Phillips -Montooth Reunion 2017

The descendants of Samuel Webster “Pop” and Catherine “Kate” Montooth Phillips have gathered together for as long as I have been alive–and longer!  The Phillips reunion was a continuation of the Montooth Reunions which were large family events in the early and mid-1920s.

This is a photo of the 1924 Montooth Reunion. A link to the Schuyler County Genealogy Trails website will give the names of most of the family members.  Pop is third man from the left.  I believe Grandma Kate is behind her father, George Montooth, the older man in the center.

Unfortunately, I cannot make it to the reunion this year, but I submit this report on our ancestry in spite of my absence.  I hope family near and far will find it informative, surprising, and inspiring.  Please share this with others.

Pedigree Chart for Samuel Webster “Pop” Phillips

Pedigree Chart for Samuel Webster Phillips

Our New Brick Wall

When a genealogist cannot find the name of an ancestors parents or a spouse, we call that a brick wall.  Genealogist slam their heads against that brick wall for years, decades–even centuries!–before some unknown fact or record surfaces to knock it down.

For over 50 years, genealogists and family historians were stymied by lack of information on the parents of Asahel Phillips, the first of our line to move to Schuyler County, Illinois.  Asahel was born in 1777 in Virginia.  We knew he married Hannah Nixon on 15 August, 1805 in Harrison County, Virginia (now West Virginia).  We also knew that Samuel Phillips married Anna “Amy” Martin on 22 September, 1800, in Harrison County.  Then both families migrated to Hardin County, Kentucky, finally moving to Schuyler County in the 1830s and 40s.  We assumed these men were brothers because Asahel named his sons Asahel and Samuel, and Samuel named his sons Samuel and Asahel.

Rick Phillips, son of Willard, and grandson of Pop and Kate, did a y-DNA test at FamilytreeDNA in 2007.  He had a couple of matches with Phillips families from Iowa, but they were also stuck–at a James in Virginia.  We could not find a common ancestor.  Then, seven years later, another Phillips man took the y-DNA test.  He was encouraged to do so by a group of Phillips researchers who thought the man was their long lost cousin.  Surprisingly, he was our long-lost cousin, and his pedigree chart took us to Loudoun County, Virginia–which really is not close to Harrison County, West Virginia–but there, sitting in a court house since 1781, was the will of one Benjamin Philips who named his children: Jenkin, Samuel, Asael, Sarah (m. Richard Martin), and Huma (m. John Rogers).  It was truly a grand moment when new technology (DNA) and old-fashioned research (finding courthouse records) came together to obliterate that brick wall.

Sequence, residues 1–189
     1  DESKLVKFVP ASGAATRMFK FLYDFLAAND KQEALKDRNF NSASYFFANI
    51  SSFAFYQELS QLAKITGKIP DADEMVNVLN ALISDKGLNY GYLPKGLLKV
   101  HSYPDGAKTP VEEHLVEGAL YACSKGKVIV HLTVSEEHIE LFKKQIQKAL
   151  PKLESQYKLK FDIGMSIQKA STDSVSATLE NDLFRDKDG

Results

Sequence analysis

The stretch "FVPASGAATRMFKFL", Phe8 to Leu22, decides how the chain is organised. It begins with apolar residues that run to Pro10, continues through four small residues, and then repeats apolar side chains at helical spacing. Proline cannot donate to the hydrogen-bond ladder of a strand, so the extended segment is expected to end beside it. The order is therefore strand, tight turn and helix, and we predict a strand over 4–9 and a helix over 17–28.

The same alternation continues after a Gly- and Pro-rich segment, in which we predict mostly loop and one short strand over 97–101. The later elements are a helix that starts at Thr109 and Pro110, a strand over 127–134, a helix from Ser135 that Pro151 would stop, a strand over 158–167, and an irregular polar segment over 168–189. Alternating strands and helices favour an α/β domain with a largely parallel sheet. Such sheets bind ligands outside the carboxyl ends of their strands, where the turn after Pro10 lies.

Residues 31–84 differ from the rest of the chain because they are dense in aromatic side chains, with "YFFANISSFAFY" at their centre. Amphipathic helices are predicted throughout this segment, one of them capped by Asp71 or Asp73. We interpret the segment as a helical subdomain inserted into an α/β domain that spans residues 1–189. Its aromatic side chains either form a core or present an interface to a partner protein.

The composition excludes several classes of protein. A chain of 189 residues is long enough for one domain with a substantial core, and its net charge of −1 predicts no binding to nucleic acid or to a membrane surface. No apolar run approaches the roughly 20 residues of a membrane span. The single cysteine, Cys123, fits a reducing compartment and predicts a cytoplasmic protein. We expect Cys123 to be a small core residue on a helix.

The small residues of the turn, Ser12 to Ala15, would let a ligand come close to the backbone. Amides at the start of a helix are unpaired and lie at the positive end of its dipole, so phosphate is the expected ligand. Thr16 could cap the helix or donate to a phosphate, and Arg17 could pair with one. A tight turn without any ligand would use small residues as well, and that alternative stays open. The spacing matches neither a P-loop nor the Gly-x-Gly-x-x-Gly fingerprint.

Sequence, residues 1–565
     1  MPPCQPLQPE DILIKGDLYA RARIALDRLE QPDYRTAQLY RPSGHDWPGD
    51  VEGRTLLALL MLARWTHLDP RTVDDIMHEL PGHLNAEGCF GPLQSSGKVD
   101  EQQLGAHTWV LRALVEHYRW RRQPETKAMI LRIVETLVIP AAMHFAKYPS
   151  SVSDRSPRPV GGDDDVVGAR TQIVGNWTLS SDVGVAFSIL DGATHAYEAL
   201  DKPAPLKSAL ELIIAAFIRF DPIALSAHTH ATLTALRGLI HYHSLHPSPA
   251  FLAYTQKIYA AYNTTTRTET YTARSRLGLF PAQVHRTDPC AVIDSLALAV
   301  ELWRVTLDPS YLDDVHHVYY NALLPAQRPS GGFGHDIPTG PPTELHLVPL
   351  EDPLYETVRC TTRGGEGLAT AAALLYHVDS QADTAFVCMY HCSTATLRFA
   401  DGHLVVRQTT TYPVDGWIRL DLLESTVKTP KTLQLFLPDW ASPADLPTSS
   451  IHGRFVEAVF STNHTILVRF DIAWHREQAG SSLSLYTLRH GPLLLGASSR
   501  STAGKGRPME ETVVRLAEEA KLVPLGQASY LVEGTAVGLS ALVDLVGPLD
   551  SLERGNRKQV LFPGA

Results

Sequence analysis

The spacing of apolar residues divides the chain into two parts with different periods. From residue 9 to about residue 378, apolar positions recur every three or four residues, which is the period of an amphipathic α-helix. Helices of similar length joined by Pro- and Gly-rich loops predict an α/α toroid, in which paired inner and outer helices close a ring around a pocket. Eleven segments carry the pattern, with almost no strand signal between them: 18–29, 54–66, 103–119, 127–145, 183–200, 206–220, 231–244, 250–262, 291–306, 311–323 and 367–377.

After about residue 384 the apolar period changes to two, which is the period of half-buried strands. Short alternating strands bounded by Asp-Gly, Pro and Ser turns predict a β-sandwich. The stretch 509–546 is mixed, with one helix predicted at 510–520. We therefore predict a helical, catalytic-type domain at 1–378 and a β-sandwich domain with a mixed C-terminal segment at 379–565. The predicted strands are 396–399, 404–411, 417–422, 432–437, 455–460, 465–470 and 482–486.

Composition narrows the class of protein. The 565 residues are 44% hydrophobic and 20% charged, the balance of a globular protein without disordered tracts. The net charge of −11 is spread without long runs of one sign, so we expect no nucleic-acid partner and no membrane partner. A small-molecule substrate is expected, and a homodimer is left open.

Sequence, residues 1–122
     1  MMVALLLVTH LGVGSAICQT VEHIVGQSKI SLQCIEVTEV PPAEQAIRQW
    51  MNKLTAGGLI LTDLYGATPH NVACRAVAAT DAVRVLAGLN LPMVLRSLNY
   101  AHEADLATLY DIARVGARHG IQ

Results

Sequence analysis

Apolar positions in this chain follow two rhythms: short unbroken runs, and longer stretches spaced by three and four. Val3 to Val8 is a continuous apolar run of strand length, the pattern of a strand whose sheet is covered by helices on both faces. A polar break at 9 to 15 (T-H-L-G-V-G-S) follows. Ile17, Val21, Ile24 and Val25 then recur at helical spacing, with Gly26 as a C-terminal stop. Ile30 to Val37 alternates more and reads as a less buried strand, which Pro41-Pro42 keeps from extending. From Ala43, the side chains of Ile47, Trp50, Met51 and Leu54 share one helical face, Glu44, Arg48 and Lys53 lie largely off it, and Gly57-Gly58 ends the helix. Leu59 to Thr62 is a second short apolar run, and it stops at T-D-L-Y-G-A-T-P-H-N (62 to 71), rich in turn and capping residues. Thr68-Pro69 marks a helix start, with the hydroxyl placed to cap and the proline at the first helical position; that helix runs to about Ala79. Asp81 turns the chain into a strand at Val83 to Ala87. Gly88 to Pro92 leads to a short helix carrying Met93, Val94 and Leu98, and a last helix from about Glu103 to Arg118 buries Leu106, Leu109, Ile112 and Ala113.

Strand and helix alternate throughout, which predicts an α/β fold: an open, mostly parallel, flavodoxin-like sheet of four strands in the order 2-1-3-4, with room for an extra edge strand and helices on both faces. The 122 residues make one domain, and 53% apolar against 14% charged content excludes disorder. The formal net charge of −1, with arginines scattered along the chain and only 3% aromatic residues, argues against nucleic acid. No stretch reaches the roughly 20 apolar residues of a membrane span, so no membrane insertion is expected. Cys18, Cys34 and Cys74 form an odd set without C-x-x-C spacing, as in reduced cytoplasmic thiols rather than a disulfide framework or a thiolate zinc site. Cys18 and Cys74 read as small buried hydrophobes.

Alas, this great find did give us the parents of Asahel and his paternal grandparents, Jenkin and Esther “Hester,” but it left us with no maiden names for Asahel’s mother, Rhoda, nor his grandmother, Esther.  Two new brick walls,  and a new quest commences.

The Daughters of the American Revolution website lists Jenkin Phillips as a patriot ancestor.  Follow the link on his name to the DAR site.  Jenkin was too old to fight, but provided a wagon, team, and driver for the colonial cause.  His descendants are eligible for DAR and SAR membership.

Nixon line–George Nixon, Revolutionary War.

Another Revolutionary War patriot on our family tree is George Nixon  who also provided material support to the colonial army.  A nice report on the Nixon family can be found online here written by Wilmer Kerns of Arlington, Virginia, in 2001. George Nixon was the father of Jonathan Nixon who married Nancy Sarah Pugh, daughter of Robert and Mary Edwards Pugh.

Fort Edwards and the French and Indian War

Mary Edwards Pugh was the daughter of Joseph Edwards of Hampshire County, Virginia.  Joseph was born about 1695 in Chester County, Pennsylvania.  He moved to the Capacon Valley of Virginia where he built a fort.  This fort became an important defense during the French and Indian War, and Colonel George Washington was the commander at the fort.  You can read more about Fort Edwards at the Fort Edwards Webpage.